By Adam Kilgore
Washington Post Staff Writer
Friday, May 7, 2010; D01
Willie Harris had watched all of it. He sat in the Washington Nationals' dugout Thursday night, as he has on many nights, and waited and watched. He saw Scott Olsen come within five outs of the first no-hitter since baseball returned to Washington. He saw the disappointment and dread as Olsen lost history and then, nearly, lost the game. He saw the Nationals load the bases with no outs in the ninth.
Then, when called to pinch-hit, Harris acted. He walked from the on-deck circle, plopped a weight off of his bat and dug into the batter's box. On the second pitch he saw, Harris lined a game-winning single into right field. The Nationals poured onto the field and celebrated an exhilarating 3-2 victory over the Atlanta Braves before 17,131 at Nationals Park.
Olsen, who lost his no-hitter when David Ross ripped a one-out single in the eighth inning, settled for a no-decision, but only in the box score. "For all of us in this clubhouse, he won the game for us," catcher Ivan Rodriguez said.
With the rest of his teammates, Olsen mobbed Harris after his shot into right field. Earlier this season, Harris and Olsen had spoken in the Nationals' clubhouse when no one else was around.
"Something," Harris said, "is different about you."
Olsen, a year removed from major shoulder surgery, started this season in the minor leagues. The Nationals called him up after one Class AAA start, but Olsen still thinks about that very much, still allows it to drive him. "Very," he said softly Thursday night. "Very. Very. I'll leave it at that."
That's what Harris recognized. "I know the feeling," Harris said. " 'I'm going to come back, and I'm going to show these guys.' "
Harris has played against the Braves for three seasons since his one year with the team he grew up rooting for in Cairo, Ga. Every time he faces them, even now, he remembers that they did not offer him a new contract, that they chose to let him leave.
"Every time we play them, I'll have" a grudge, Harris said. "I mean, I grew up a Braves fan. I had an opportunity to play for them, to play for the best manager in the game. What else can a Georgia kid want? That's where the chip came."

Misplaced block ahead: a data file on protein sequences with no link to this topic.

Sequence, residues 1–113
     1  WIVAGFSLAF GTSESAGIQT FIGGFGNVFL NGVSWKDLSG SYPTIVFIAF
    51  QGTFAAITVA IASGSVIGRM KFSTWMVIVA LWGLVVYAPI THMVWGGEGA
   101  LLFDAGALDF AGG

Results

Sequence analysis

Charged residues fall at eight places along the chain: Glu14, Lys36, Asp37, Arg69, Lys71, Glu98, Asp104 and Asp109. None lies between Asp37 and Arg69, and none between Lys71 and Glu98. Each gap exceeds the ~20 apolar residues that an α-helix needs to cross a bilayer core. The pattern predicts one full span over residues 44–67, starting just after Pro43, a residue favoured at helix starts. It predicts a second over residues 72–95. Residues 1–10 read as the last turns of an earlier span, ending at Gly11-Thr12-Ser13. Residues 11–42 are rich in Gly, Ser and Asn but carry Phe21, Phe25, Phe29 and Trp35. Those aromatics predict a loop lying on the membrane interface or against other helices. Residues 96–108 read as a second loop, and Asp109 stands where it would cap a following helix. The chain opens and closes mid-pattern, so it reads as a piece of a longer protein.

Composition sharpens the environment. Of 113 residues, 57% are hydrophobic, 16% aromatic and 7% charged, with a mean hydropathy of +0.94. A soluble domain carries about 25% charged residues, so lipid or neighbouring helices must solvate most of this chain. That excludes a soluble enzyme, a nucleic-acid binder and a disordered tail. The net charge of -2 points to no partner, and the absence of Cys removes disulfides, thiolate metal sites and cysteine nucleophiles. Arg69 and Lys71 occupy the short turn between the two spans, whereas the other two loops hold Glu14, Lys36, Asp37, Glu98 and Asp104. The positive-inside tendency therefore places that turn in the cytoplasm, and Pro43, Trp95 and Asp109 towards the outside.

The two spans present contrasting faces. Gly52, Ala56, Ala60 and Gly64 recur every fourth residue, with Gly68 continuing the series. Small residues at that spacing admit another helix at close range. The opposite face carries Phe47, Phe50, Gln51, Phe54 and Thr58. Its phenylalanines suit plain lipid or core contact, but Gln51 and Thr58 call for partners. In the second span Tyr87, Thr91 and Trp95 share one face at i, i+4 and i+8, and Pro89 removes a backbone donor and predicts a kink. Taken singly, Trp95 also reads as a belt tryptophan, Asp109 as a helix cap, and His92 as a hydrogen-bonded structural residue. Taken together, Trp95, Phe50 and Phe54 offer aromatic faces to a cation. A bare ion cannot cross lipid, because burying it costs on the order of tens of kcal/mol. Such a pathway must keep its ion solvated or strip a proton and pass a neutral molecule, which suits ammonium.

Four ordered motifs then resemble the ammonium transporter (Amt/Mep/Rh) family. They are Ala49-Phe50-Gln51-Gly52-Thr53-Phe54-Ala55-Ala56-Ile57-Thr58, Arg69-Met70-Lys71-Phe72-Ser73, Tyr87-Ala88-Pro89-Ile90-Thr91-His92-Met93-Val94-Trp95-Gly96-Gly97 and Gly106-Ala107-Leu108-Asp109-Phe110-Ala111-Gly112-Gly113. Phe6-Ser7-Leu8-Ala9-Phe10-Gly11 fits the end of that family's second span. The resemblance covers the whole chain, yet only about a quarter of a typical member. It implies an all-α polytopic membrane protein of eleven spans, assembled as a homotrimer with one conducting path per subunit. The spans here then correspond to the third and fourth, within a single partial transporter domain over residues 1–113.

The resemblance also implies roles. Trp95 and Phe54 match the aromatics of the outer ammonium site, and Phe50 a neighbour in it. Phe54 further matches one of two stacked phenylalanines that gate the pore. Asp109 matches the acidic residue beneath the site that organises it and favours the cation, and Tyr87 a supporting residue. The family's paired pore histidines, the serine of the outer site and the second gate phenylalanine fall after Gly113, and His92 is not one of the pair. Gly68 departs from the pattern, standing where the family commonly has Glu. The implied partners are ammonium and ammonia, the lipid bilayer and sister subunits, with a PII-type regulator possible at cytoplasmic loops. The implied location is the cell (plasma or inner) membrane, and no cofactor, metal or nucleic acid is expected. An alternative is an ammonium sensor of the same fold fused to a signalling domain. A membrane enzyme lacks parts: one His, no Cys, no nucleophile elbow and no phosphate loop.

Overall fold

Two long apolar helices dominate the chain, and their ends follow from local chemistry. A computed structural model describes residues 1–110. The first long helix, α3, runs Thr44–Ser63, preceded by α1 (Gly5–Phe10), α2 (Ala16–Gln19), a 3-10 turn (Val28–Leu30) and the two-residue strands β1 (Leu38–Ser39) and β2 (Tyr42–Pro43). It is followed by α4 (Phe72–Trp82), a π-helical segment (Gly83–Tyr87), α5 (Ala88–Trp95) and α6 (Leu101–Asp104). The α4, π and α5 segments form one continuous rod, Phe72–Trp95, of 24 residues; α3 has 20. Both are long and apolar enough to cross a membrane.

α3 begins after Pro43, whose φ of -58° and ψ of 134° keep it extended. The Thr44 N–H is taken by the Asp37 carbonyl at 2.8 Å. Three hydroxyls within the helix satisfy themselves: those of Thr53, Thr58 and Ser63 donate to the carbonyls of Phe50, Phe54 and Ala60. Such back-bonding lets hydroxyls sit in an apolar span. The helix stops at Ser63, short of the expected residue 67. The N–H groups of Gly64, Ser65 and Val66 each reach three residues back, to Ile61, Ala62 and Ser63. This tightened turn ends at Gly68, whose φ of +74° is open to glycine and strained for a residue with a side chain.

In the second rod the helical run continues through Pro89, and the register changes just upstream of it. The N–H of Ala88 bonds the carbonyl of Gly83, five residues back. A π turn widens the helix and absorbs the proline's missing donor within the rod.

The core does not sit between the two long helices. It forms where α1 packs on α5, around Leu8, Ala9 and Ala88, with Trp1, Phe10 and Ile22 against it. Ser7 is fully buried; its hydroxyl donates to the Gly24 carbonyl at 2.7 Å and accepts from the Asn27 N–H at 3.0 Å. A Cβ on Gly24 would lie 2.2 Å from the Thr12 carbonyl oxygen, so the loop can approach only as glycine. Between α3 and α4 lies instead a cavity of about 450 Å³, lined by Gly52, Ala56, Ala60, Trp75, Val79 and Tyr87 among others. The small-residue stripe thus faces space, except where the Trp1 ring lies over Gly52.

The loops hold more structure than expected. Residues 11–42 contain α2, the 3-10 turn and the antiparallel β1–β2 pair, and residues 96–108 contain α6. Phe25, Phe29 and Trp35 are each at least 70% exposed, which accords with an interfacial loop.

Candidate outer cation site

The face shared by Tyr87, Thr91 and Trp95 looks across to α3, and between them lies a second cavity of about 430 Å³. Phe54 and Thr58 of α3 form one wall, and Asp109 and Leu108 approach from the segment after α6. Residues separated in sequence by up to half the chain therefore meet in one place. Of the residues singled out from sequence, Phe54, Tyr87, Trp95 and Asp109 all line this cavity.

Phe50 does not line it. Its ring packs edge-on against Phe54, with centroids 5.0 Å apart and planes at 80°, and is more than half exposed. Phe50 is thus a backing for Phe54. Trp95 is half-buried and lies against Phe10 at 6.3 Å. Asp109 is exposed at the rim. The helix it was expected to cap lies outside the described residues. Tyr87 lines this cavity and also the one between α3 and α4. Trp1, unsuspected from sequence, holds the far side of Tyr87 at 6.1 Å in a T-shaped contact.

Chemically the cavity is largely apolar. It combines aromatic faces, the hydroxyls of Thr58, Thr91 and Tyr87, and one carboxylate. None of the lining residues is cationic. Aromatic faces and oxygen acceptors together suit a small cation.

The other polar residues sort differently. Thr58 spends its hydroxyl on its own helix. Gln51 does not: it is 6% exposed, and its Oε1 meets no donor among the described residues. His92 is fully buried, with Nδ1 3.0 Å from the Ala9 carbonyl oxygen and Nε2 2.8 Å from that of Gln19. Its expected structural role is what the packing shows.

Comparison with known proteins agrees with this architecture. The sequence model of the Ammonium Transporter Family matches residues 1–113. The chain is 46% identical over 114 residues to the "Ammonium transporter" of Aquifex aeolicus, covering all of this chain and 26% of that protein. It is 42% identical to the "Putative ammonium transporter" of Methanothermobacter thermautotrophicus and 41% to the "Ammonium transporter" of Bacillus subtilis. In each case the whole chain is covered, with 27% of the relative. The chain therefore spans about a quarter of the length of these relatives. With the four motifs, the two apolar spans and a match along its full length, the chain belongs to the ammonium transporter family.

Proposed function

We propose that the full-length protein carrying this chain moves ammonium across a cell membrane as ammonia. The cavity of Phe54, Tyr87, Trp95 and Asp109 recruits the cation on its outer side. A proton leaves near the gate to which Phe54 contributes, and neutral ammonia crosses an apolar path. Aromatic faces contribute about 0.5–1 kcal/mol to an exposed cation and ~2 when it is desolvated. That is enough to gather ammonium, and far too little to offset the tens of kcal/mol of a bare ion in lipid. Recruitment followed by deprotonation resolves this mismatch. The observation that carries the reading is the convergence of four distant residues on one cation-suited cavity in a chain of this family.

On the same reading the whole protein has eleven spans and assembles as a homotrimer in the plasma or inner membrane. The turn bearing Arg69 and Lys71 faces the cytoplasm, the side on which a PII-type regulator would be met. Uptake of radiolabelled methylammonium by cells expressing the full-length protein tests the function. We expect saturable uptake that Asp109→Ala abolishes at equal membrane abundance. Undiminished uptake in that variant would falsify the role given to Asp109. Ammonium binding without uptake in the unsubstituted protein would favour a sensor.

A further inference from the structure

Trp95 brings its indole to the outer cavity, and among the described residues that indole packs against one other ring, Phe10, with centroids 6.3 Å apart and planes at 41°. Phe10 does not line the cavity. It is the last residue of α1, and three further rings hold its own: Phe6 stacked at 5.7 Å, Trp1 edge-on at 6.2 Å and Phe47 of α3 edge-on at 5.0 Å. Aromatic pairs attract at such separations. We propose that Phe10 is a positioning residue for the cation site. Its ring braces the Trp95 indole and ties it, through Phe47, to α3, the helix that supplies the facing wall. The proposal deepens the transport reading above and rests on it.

For most of last night, Harris watched Olsen dominate Harris's former team. Entering the eighth, the Nationals led 2-0, after Adam Dunn and Rodriguez each hit a solo home run. Manager Jim Riggleman shifted Adam Kennedy to first base, removing Dunn, an inexperienced first baseman, from the game, and played steady utility infielder Alberto Gonzalez at second base. Olsen's teammates, as is the custom, were avoiding him in the dugout.
"Six outs away," Rodriguez said. "You're thinking about it."
Olsen started the eighth by striking out Matt Diaz looking at an 89-mph fastball, his eighth strikeout. Nationals Park buzzed and reserves filled the top of the dugout. Five outs to go, and only Melky Cabrera had reached base, on a walk to lead off the third inning.
Olsen threw Ross a 1-0, 83-mph change-up. Ross, unlike the rest of his teammates, was not fooled by the off-speed pitch. The ball skidded into left field. Olsen leaned backward on the mound and winced. The crowd rose and cheered. History no longer hung in the balance, but a game did. Rodr?guez came to the mound and told Olsen, "We got a ballgame going."
Olsen thought, "Get a double play." He would have had one if not for a Ryan Zimmerman throwing error. Nate McLouth then singled to load the bases, and Olsen's night ended suddenly. Tyler Clippard came on and surrendered a two-run single to Jason Heyward, ending Olsen's 20-inning scoreless streak and ending his chance at a win. Clippard closed the eighth with a double play, and then he did the same in the ninth.
The Nationals had a chance. Kennedy drew a leadoff walk against Peter Moylan. Up came Zimmerman, who christened Nationals Park with a walk-off homer against Moylan in 2007. He almost did it again, lacing a double off the right field wall. With men on second and third, Cristian Guzm?n was intentionally walked.
For the past few innings, Harris had been warming up in the batting cage, playing a game with Wil Nieves called "Up the Middle." They each tried to hit as many balls against the back of the cage as they could.
Now, Harris strode to the plate. Moylan knocked him down with a sidearm pitch to his ankles. Harris got up and dusted off his jersey. On the next pitch, he smoked the game-winning single. Afterward, Harris found Nieves and told him, "We got to play this game every day."
After being lifted in the eighth, Olsen had perched his left leg on the top step of the dugout, put his chin in his hand and stared out at the diamond, where the best night of his career was unraveling. Now, clad in sneakers and a red hooded sweatshirt, he celebrated with his teammates. Harris knew exactly how sweet it felt.
"Each individual person has to find what it is that makes them have that edge, have that mentality," Zimmerman said. "It's just something that I think this team as a whole has more this year than in the past."